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House will tackle certificate of need, malpractice in 2016, Jason Brodeur says

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At the last regularly scheduled meeting of the 2015 session for his committee, House Health & Human Services Committee Chairman Jason Brodeur dropped a bomb and announced that the chamber would next year tackle some of the thorniest issues in health care: certificate of need (CON), insurance mandates and medical malpractice.

The news puts most healthcare professionals and their respective lobbyists on notice that 2016 will be a bumpy ride.

  • Certificate of need is a regulatory process to control the costs of health care by curbing the proliferation of new services or allowing the expansion of services. Florida uses CON to regulate nursing homes, hospices, intermediate-care facilities for the developmentally disabled, new hospitals and certain hospital services. Brodeur noted that there are 19 exceptions for CON in Florida statutes and certain states, such as Texas, don’t use CON at all. This fight usually pits provider against provider or, alternatively, those with a CON against those who want a CON.
  • Insurance mandates are requirements put on insurers and HMOs to provide access to certain services or certain healthcare providers. The discussion on mandates usually pits providers and patient advocates who want to see services included in healthcare plans against insurers who argue that the mandates drive up the costs of care.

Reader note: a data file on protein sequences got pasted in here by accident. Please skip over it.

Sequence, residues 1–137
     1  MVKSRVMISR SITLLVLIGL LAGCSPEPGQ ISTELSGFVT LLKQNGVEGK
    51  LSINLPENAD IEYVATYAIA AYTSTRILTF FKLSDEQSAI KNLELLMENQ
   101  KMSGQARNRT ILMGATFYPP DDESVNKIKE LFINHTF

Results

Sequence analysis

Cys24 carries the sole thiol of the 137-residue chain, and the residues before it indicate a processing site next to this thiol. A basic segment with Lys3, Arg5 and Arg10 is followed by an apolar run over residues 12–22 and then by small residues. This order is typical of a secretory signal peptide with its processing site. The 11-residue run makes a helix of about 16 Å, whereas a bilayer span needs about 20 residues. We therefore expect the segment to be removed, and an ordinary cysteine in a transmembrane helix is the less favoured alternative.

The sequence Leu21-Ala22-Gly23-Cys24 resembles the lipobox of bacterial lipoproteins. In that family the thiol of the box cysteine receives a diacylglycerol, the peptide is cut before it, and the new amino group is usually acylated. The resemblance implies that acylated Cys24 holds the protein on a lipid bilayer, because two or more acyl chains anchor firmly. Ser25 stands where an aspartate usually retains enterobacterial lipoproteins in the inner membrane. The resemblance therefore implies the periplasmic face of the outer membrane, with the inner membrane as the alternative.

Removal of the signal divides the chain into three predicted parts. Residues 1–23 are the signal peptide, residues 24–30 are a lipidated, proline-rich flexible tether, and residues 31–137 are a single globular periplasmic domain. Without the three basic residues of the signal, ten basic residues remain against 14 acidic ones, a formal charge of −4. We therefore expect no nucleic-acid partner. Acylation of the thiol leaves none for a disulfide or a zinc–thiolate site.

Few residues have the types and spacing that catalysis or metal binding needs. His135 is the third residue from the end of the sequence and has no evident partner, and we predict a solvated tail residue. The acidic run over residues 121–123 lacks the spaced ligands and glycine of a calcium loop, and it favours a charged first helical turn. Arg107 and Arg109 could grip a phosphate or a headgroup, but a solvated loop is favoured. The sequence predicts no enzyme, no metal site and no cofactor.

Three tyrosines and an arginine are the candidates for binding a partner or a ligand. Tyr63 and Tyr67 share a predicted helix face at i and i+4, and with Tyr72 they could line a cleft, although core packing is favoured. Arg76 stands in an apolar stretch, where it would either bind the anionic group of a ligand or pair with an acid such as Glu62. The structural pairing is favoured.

• Medical malpractice takes on many different issues but Brodeur was clear in his remarks that he planned on pushing legislation that would establish a no-fault system called the Patients’ Compensation System. Brodeur filed bills in 2013 and 2014 to establish the system and only half jokingly said that no one liked the legislation. The bill was filed this year by state Rep. Cary Pigman, a physician, in the House, as well as by state Sen. Jeff Brandes. This fight usually pits the trial attorneys against a unified physician/insurance lobby.

Brodeur warned the lobbyist  who may oppose the proposals that killing them in the Senate had a “limited shelf life” and that they would be wise to work with the House. His use of the word “disruption” harkens back to the spirited speeches state Rep. Richard Corcoran delivered on the House floor during budget debate as well as in the House Approrpiations Committee during discussions on the state group health insurance transformation the House has proposed

Joining Brodeur for the announcement were House Health Care Appropriations Subcommittee Chairman state Rep. Matt Hudson and Economic Affairs Committee Chairman state Rep. Jose Oliva.


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